Oil prices are swinging both ways today. Market sentiment is being influenced by expectations that easing US sanctions on Venezuela could bring more oil to the market and fears that the conflict between Israel and the Palestinian Hamas movement could spread across the region.
At around 18:45 CET, the price of North Sea Brent crude oil was up 0.4 percent at $91.86 a barrel, having fallen as low as $89.58 a barrel during the day. U.S. light WTI crude oil gained 0.7 percent to trade at $88.97 a barrel after falling as low as $86.60 a barrel.
Oil prices the previous session were up about two percent. This was caused by fears of global supply disruptions after Iran called for an oil embargo on Israel over the Gaza conflict, and a bigger-than-expected drop in US inventories.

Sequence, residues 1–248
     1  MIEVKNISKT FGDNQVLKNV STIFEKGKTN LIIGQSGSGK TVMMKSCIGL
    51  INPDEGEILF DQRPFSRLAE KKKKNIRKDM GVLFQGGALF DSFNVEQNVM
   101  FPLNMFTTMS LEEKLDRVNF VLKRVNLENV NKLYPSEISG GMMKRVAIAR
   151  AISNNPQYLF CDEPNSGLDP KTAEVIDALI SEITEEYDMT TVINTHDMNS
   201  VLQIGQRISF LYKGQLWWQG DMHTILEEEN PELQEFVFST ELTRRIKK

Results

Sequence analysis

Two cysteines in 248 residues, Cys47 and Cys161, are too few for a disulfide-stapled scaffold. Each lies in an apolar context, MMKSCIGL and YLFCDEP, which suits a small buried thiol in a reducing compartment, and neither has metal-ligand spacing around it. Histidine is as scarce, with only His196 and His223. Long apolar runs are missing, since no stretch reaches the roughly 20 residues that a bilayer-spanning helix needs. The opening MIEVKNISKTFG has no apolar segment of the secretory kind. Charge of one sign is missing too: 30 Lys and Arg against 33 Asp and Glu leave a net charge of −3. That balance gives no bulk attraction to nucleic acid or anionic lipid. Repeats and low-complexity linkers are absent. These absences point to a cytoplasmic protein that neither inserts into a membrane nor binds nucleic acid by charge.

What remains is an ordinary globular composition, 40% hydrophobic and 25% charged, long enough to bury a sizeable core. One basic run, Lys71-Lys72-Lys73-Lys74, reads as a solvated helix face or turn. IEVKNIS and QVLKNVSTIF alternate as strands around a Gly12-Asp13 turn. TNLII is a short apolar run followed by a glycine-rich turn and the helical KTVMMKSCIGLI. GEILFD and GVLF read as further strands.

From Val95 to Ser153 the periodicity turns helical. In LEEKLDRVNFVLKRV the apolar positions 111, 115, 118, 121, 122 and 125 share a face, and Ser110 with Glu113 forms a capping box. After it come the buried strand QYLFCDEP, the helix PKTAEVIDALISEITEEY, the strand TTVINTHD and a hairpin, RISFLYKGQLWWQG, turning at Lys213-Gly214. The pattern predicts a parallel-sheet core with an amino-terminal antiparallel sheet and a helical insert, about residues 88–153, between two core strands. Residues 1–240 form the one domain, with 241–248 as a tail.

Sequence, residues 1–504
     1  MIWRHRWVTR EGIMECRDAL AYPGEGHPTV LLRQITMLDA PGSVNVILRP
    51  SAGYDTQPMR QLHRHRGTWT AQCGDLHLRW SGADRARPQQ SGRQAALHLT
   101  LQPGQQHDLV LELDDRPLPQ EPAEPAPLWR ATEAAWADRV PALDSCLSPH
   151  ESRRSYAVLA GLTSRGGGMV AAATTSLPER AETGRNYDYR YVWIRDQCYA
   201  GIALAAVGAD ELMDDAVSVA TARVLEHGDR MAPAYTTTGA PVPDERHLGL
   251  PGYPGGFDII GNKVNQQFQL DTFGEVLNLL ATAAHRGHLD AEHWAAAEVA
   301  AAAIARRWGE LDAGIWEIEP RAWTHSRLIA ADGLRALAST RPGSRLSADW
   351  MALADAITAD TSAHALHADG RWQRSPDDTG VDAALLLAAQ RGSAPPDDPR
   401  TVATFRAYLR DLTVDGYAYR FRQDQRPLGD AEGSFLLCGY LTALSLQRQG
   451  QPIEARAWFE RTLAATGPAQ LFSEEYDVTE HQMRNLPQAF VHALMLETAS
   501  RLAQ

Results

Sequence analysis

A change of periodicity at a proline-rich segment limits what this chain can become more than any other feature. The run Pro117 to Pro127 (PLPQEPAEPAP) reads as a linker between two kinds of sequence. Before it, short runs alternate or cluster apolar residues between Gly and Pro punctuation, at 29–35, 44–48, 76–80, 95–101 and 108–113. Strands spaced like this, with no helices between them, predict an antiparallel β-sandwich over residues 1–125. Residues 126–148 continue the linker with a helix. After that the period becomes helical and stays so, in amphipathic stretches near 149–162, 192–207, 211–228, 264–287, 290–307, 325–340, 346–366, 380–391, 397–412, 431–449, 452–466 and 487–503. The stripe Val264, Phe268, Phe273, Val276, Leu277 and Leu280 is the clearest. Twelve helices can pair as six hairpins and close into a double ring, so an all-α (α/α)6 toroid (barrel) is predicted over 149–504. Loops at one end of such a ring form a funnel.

Japan today urged Saudi Arabia and other oil producers to increase their supplies to stabilise the world oil market. Rising fuel prices amid the conflict could have a negative impact on the global economy. Japan is the fourth largest buyer of oil in the world.
U.S. crude oil and fuel inventories fell last week due to rising demand for diesel and heating oil, data from the U.S. government’s Energy Information Administration (EIA) showed. Crude oil inventories fell by 4.5 million barrels and gasoline by 2.4 million barrels.